HONG KONG, Aug 7 (Reuters) - Hong Kong shares rose on Friday on hopes that China’s stock markets are stabilising after a 25-percent slide since mid-June, but gains were capped ahead of U.S. data which could prompt the Federal Reserve to start raising interest rates next month.
A U.S. rate hike as early as September could cloud the picture for further gains in Hong Kong’s market even if markets in mainland China improve. Since Hong Kong’s currency is linked to the U.S. dollar, its interest rates tend to follow.
The Hang Seng index rose 0.7 percent to close at 24,552.47 points, its highest close since July 31. It ended the week down 0.3 percent for the third consecutive week of decline.
The China Enterprises Index climbed 1.2 in its best day since July 13 to 11,227.94. It finished the week up 0.9 percent, ending a week in positive territory for the first time since June 12.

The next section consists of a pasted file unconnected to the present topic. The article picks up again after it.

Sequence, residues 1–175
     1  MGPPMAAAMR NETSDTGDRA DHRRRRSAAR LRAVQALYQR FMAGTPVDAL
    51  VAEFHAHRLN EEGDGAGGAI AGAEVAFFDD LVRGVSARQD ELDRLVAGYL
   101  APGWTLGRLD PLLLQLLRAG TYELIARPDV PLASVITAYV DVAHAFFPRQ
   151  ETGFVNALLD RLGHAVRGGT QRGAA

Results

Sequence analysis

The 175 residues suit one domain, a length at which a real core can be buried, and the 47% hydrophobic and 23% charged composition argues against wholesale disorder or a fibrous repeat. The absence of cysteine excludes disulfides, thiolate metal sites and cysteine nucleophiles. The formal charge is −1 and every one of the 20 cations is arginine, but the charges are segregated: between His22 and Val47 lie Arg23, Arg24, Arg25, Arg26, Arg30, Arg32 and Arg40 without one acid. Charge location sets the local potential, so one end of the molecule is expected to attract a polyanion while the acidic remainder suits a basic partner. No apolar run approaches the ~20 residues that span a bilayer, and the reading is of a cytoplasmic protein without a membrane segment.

Close to 300 China funds that oversee more than 1 trillion yuan ($161 billion) are sitting on the sidelines with “ammunition” to enter the stock markets at any time, the Shanghai Securities News reported on Friday, in the latest attempt by state media to coax investors back into the market after the recent rout.
The Chinese government agency tasked with buying stocks to prop up the country’s wobbling markets is seeking an additional 2 trillion yuan ($322 billion) in funds, according to a Bloomberg report.
But traders said it will take time before shaken investors return to the market, if they return at all in the near-term.
China Shenhua Energy led the rise in both the blue chip and Chinese enterprises indexes, rising 4.2 percent in its biggest daily gain since July 9.
Ping An Insurance and Tencent Holdings were the most active stocks.
Total trading volume of companies included in the HSI index was 1.1 billion shares. (Reporting by Donny Kwok; Editing by Kim COghill)